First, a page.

Fixing the problem:
If you have a diastasis recti problem 8 weeks or more postpartum, you’ll need some help to fix it. The best course of action is to have a physical therapist who specializes in women’s health and diastasis recti examine you and prescribe an exercise program that is individually tailored to your body and the way you move. If you can’t find one near you here, don’t worry, the lists are not all-inclusive. Make a phone call to your nearest physical therapy clinic and ask – rehab is a small world, and they’ll be able to direct you to someone who can help.
Important Note: If you have a diastasis recti >2cm, do not do any of the crunches, planks, negative sit-ups, double leg curls, or double leg lowering in this program unless your physical therapist tells you it’s okay. Instead, do another round of your core drill and keep the video rolling.
Diastasis recti is actually a hot topic of debate in rehab circles. There is a lot of conflicting information available (often from reputable-sounding sources and videos) about exercises that help or hinder a diastasis recti problem to heal. Some sources say to do crunches, and others say crunches will make it worse. Some sources say to do planks, and others say planks will make it worse. Some say to wear an abdominal brace, and others (me included, for most situations) say the brace can make it worse.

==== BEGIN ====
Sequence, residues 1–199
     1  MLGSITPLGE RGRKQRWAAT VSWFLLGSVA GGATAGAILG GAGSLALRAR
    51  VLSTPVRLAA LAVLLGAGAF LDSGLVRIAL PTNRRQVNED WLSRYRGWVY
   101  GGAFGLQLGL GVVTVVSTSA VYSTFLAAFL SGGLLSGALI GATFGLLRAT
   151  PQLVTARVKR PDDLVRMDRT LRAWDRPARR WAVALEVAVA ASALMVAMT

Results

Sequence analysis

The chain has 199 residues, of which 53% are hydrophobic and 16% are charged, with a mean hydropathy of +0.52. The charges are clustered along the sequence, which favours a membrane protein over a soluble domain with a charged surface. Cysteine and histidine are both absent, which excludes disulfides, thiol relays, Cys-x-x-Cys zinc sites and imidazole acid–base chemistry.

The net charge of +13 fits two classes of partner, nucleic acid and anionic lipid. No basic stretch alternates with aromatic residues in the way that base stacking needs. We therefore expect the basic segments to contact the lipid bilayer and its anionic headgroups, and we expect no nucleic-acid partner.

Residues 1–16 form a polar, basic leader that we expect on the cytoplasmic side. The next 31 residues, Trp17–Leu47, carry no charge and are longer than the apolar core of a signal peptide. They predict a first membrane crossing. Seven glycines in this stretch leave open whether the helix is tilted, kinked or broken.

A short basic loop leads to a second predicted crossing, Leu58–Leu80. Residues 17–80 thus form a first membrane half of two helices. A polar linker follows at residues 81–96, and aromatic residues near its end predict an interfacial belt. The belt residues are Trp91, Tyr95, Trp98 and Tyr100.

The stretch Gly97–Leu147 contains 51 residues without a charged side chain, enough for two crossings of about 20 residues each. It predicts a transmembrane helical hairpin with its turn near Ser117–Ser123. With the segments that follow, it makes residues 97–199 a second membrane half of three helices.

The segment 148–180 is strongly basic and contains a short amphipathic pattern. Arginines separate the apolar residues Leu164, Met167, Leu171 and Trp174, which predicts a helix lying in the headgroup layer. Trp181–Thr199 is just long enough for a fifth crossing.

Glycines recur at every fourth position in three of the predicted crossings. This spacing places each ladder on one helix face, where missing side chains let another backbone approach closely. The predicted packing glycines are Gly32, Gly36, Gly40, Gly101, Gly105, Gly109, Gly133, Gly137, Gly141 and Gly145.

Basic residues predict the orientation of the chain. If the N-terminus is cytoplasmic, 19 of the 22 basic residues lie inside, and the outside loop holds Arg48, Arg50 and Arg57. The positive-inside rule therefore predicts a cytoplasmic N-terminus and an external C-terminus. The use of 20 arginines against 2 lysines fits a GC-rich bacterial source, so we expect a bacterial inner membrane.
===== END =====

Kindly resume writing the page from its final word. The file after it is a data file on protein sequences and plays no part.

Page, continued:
Part of the problem is that there is no research to show that one particular method is the gold standard for “fixing” a diastasis recti problem. For someone with a diastasis recti problem, this state of affairs can be very frustrating. Not only can diastasis recti negatively affect the way your belly appears (by causing it to “pooch out”), but a separation like this can alter the way your abdominal muscles perform, and since the muscle affected, the rectus abdominis, is an integral part of your core, that affects everything that you do.1,2
There are off-the-shelf programs designed to help women with diastasis recti, and if going to see a physical therapist for an individual treatment program just isn’t an option, choosing a program focused on transversus abdominis strengthening is a better option than choosing one focused solely on the rectus abdominis. One program out there (that I have not personally tried, and who I am not affiliated with in any way) that puts a healthy amount of focus on posture, function, and transversus abdominis strengthening, is the MuTu System.
Of course, I recommend an individualized program with a physical therapist, but if you are going to purchase a ready-made program or otherwise go it alone, there are a few consistent trends supported by research to show what is helpful and what does not work.1-3